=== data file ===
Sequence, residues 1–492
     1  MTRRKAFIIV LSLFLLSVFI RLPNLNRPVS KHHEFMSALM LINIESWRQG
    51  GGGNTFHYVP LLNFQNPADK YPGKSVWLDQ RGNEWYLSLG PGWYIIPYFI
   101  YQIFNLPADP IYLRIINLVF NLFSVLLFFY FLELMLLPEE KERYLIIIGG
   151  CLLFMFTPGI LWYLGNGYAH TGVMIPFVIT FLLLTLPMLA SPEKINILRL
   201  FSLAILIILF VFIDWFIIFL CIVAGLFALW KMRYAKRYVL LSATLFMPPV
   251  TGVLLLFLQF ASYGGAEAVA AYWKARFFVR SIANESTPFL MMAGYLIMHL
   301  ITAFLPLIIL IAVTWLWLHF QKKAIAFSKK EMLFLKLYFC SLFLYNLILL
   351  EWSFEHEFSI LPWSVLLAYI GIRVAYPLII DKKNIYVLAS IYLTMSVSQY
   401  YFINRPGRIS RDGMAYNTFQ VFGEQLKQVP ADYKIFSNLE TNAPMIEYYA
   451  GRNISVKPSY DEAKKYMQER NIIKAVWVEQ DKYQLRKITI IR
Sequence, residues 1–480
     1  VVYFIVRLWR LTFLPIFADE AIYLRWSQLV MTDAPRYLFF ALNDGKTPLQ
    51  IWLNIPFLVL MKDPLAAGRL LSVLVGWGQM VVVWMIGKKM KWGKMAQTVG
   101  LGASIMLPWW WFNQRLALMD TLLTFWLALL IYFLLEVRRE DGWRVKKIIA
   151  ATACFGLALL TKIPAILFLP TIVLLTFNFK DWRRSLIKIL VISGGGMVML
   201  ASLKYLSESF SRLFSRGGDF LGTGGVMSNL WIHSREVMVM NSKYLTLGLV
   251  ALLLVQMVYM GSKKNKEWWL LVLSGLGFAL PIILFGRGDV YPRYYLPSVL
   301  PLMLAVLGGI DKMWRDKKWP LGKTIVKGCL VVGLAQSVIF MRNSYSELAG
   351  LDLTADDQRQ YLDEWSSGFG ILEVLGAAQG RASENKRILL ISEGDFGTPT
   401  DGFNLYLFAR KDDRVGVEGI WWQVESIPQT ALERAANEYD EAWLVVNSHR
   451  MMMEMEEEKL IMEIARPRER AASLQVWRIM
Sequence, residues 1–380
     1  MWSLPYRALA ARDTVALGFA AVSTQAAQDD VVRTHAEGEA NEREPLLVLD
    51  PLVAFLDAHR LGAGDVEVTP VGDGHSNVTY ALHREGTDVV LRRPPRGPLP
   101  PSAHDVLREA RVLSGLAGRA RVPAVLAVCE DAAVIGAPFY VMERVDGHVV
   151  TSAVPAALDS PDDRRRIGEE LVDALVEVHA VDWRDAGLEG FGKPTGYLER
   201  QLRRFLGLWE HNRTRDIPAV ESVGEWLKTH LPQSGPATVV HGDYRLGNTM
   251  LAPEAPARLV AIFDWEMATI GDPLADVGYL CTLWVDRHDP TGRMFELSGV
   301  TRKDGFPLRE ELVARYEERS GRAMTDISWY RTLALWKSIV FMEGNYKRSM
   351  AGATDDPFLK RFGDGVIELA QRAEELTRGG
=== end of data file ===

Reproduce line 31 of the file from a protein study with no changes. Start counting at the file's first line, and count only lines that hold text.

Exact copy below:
   351  AGATDDPFLK RFGDGVIELA QRAEELTRGG